The contractual dispute in the District Court ultimately turned on “whether, pursuant to their agreement, the appellant (Vieira) had accepted that Mr O’Shea would obtain veterinary advice (which he admitted he was not competent to assess) and, by reference to the criterion described to the appellant, determine whether the horse was able to be the subject of a purchase recommendation, or whether Mr O’Shea could recommend a horse for purchase, notwithstanding that it did not satisfy that criterion, without informing the appellant of any particular issue in respect of the horse which Mr O’Shea was minded to disregard” (Vieira v O’Shea at )
In plain english, the dispute in the District Court was whether:
1. Vieira had accepted that O’Shea would obtain veterinary advice and make a decision if the horse fit the purchase requirements of Vieira;
2. Mr O’Shea was permitted to purchase the horse even though it did not meet Vieira’s requirements, on the basis that Mr O’Shea thought the horse’s x-ray issues were not enough to prevent the purchase.
Judge Rolfe in the District Court trial found that the agreement between Mr Vieira and Mr O’Shea fell into the second category, on the basis that Mr Vieira was not interested in the steps Mr O’Shea took in arriving at a purchase recommendation. Accordingly Judge Rolfe found for Mr O’Shea.
The Court of Appeal Proceedings
On appeal, the Court of Appeal found that the basis of the contractual arrangement between Mr Vieira and Mr O’Shea was that Mr O’Shea “would not recommend for purchase any horse which was not “free of any veterinary problems which will inhibit its capacity to race” and not “free of any issues” (Vieira v O’Shea at ) This is a significantly different basis for the agreement to that as was found by the District Court Judge.
The Judges in the Court of Appeal rejected the District Court Judge’s formulation of the contract on four grounds:
1. “Mr O’Shea stated he would not recommend for purchase any horse which was not “free of any veterinary problems which will inhibit its capacity to race” and not “free of any issues”. (Vieira v O’Shea at )
2. “It may be true that no horse is risk free, but it does not follow that all horses classified as “low risk” are free of any veterinary problems which would inhibit their capacity to race. Dashere, in particular, was not such a horse. Nor was his category merely “low risk”: it was low risk with time, six months. According to the finding made by the primary judge at , Mr O’Shea knew that that classification meant that the horse could not be broken in nor given any ridden exercise for the nominated period. There was no suggestion that a six month period was so brief as to be insignificant in terms of capacity to race (which was thereby postponed). Nor could it be said that the horse was free of any relevant veterinary problems, or “free of any issues” in more colloquial language” (Vieira v O’Shea at )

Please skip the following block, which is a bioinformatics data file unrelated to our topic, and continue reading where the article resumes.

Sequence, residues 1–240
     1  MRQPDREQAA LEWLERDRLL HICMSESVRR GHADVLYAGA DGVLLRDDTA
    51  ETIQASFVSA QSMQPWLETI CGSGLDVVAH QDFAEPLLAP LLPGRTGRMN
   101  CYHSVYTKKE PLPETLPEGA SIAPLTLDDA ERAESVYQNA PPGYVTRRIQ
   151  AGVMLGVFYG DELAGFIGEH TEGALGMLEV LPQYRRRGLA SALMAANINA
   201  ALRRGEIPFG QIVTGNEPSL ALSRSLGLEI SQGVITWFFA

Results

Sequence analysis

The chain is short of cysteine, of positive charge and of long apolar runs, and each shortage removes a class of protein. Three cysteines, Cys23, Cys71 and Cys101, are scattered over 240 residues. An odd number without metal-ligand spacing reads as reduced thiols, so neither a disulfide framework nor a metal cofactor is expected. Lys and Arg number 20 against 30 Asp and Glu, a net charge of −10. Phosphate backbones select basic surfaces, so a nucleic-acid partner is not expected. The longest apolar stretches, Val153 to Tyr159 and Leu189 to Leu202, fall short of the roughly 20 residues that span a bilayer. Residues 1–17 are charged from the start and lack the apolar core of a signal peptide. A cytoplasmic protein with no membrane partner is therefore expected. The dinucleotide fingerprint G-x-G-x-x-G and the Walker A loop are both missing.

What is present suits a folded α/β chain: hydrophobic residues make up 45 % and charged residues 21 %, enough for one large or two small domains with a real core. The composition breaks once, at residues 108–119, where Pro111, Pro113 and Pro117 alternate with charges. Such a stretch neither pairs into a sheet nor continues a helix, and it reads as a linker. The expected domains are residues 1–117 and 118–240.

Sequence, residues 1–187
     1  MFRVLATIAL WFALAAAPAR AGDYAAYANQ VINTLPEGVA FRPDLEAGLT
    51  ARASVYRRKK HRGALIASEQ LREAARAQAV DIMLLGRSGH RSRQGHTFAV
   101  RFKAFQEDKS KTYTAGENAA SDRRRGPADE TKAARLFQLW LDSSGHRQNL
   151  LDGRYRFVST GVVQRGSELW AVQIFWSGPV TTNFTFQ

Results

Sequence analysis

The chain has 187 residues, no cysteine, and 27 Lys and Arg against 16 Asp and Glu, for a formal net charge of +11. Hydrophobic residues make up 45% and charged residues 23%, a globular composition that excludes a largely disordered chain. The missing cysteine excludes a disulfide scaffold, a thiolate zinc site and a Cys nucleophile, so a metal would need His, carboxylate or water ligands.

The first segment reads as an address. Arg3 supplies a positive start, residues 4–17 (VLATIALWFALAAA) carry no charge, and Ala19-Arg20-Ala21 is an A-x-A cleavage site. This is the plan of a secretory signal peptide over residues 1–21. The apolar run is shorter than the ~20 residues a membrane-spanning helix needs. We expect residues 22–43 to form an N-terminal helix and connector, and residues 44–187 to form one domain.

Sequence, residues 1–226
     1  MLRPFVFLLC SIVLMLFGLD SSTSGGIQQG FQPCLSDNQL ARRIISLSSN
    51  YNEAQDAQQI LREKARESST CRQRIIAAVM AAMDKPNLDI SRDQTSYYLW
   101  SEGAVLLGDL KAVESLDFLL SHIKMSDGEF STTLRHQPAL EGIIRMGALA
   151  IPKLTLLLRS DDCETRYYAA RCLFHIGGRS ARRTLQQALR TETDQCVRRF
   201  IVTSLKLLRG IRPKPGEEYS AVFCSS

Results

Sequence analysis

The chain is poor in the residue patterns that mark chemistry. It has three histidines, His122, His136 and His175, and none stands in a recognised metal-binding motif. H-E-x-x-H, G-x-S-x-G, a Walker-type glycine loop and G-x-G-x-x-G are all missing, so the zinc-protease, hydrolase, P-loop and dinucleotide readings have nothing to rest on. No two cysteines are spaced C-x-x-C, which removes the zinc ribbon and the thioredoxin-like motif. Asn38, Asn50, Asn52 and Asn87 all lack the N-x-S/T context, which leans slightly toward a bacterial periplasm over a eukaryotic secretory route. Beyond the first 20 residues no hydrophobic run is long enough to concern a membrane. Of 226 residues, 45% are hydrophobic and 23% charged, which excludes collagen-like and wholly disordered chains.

3. “The proper inference to be drawn from this material was that the contractual arrangement did not extend to a recommendation for purchase in respect of Dashere.” (Vieira v O’Shea at )
4. “ [I]t follows that the recommendation to purchase constituted a breach of contract.” (Vieira v O’Shea at )
In the circumstances Mr O’Shea was found liable because he had breached his contract with Mr Vieira, because pursuant to the terms of the contract, it was not possible for Mr O’Shea to make a purchase recommendation for the horse Dashere, without being in breach of his agreement.
In assessing damages for the breach of contract the Court looked at the circumstances where the horse underwent surgery in July 2007, and Mr Vieira apparently became aware of the issue with the stifle. The court found that following surgery, Mr Vieira was effectively “locked in” to the horse until it was subsequently sold in March 2009 for $20,000. Because of that circumstance, Mr Vieira was relieved of the usual duty to mitigate his loss, and was awarded damages for his losses up to March 2009.
Ordinarily, it is the duty of a party who has suffered damage or loss to take steps to limit that loss. In the case of a non-functional horse, it ought to be either sold or destroyed. The court will generally not look benevolently on a person who has not taken steps to stop ongoing losses where it is in their power to do so. In this case, the Court did approach the question of damages from the point of view of the ordinary process for calculating damages for misleading and deceptive conduct, and applying it to calculation of damages for breach of contract, but that will interest legal scholars in the main, and persons who otherwise suffer from insomnia.
This case, while shocking to the wider thoroughbred industry is not a novel case.
Mr O’Shea made an agreement with Mr Vieira, which Mr O’Shea broke.